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Behavioural Economics II

The endowment effect

This article is part 2 in a four-part series on behavioural economics. Next article coming soon.

In microeconomics, we say preferences are reversible. If you would pay £2 for a bar of chocolate, then you would be happy to sell a bar of chocolate for £2, especially if I gave it to you for free. Sounds reasonable? Well, in fact, this is not the case. Once again, consumers, just like you and me, are irrational, and thanks to what’s known as the endowment effect, classical economics falls flat once again.

The endowment effect

In an experiment conducted by Knetsch, participants were randomly allocated into three different categories. The first were given a coffee mug, the second were given some candy, and the third were given nothing. We say that the first two groups were endowed; they were given an item for free at no cost to them.

Then the participants in the first two groups were given the option to either swap their item for either the mug or the candy or keep the item they were endowed with. The third group, treated as a control, was given the option to choose between the two and keep which they preferred the most.

In the control group, we saw that about half of the participants chose the mug and half chose the candy. But in the endowed groups, an overwhelming majority decided to keep the item they were given rather than swapping!

Therefore, as we can clearly see, when someone is endowed with an item, their perception of its utility (or benefit) seems to increase, so when given the opportunity to switch items, they often decline.

Clearly, from an economic perspective, when endowed with an item, your utility curve for that item differs from when given the opportunity to choose. But why might that be the case?

When you are endowed with an item, you own that item and, in a sense, hold responsibility over it. You become possessive, and this sense of ownership seems to have its own psychological value; therefore, the act of giving it up for something of equal worth is no longer treated as a fair trade-off. Whereas when not endowed, you have no sentiment value attached to the items, and for the most part, people are indifferent between them!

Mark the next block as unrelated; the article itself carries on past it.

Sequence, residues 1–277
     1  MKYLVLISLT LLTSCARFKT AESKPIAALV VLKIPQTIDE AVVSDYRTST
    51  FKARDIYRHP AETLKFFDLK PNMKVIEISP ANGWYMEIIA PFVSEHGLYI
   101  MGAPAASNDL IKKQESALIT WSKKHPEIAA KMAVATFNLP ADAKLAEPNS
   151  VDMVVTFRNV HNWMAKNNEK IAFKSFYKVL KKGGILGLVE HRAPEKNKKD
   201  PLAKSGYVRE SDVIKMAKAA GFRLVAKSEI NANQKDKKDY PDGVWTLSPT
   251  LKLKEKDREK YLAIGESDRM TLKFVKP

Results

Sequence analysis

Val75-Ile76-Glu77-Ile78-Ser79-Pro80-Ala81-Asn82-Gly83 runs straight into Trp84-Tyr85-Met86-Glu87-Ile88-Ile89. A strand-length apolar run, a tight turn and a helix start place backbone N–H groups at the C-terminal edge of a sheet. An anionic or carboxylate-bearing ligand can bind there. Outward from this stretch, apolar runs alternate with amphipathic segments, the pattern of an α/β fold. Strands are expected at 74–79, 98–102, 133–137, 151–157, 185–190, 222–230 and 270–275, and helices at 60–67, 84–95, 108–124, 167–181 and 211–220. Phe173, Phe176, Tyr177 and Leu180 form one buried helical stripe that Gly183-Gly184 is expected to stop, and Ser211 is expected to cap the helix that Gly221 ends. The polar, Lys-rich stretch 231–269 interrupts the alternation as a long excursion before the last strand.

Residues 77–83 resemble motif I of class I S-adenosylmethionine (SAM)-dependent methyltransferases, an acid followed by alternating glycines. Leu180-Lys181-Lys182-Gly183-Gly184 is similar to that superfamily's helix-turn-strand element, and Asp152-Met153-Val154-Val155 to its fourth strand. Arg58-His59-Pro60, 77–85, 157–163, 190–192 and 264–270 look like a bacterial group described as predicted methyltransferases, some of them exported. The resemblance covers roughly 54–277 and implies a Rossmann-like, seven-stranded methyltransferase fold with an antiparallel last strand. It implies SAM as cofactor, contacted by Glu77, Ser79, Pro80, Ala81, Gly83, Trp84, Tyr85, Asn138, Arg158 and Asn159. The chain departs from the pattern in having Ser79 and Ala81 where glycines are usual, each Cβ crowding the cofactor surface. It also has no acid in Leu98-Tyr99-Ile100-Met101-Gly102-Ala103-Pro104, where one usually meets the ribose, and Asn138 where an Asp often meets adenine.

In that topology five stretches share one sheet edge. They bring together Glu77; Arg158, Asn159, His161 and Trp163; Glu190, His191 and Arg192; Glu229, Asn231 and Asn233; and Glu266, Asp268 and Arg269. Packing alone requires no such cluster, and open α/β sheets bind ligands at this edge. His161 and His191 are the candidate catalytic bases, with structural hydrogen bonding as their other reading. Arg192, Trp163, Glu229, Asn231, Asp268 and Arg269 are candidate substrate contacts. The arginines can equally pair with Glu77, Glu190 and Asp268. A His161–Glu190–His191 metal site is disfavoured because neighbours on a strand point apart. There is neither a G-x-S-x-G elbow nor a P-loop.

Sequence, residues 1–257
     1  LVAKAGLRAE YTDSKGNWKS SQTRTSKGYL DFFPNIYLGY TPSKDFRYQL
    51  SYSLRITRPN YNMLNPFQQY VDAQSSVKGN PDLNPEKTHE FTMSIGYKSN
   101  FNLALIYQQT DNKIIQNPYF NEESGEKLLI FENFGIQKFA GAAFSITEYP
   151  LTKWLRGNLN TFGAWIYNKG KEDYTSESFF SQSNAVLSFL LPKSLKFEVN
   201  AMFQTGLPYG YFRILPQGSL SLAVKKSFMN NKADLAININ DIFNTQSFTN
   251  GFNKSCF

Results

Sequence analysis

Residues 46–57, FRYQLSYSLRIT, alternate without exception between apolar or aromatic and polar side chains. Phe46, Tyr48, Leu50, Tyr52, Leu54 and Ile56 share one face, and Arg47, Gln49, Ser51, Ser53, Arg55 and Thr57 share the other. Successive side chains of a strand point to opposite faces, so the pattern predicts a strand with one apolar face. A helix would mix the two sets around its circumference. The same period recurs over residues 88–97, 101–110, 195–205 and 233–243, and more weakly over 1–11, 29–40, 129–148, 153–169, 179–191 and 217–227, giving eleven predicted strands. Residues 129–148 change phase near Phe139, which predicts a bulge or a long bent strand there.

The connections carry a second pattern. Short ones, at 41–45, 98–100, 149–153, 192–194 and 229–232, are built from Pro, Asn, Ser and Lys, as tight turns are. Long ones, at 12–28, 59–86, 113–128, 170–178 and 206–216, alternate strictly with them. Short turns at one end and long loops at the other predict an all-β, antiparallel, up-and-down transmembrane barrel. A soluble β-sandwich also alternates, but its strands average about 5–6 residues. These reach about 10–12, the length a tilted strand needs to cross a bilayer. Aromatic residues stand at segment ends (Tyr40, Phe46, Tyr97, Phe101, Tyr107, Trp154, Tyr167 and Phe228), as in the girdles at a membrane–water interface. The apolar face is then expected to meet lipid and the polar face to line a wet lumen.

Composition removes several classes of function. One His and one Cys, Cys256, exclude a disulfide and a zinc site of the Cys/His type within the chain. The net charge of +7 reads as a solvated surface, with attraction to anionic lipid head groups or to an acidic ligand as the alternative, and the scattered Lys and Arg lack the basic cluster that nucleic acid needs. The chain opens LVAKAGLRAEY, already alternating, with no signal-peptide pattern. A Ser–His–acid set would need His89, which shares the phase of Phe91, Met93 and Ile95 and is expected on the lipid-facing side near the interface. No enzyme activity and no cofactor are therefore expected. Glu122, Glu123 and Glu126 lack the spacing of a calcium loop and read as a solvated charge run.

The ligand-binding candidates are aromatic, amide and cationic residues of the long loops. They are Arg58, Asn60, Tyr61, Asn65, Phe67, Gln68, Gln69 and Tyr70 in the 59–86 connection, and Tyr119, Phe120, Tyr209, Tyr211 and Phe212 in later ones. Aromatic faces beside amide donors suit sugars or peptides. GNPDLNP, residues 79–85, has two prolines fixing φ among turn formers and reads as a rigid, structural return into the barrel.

A good example of this could be an old, run-down car. Buyers of this car see it for what it is—something that is barely functional. But owners of the car who have driven it for 20 years see it as more than that. There is an emotional attachment to the car that makes it more valuable in their eyes.

Is the endowment effect always true?

List conducted a similar experiment. A survey was undertaken by both unexperienced and experienced 'traders', and then after the survey, they were given trading cards as a reward. They were then given the opportunity to trade their cards if they wanted to.

Non-experienced traders were subject to the endowment effect, so they kept the cards they worked hard for, but experienced traders knew that some cards may be more valuable, even if only slightly, which meant that they were able to overcome this effect.

Additionally, what was found was that when participants were aware and went into the experiment knowing that there would be a trade, they had the intention to trade, which also managed to remove the endowment effect.

In essence, the endowment effect serves as a reminder of the complexities inherent in human psychology and decision-making. There are many limitations in traditional economic models, which emphasises the need for behavioural economics and the inclusion of multidisciplinary thinking.

To discover more about behavioural economics and in particular how honesty plays a big role in restructuring economic thinking, click here to read my prior article, and be sure to look out for more articles to come in the future!


 Written by George Chant




Knetsch, Jack L. “The Endowment Effect and Evidence of Nonreversible Indifference Curves.” The American Economic Review 79, no. 5 (1989): 1277–84.

John A. List, Does Market Experience Eliminate Market Anomalies?, The Quarterly Journal of Economics, Volume 118, Issue 1, February 2003, Pages 41–71,33

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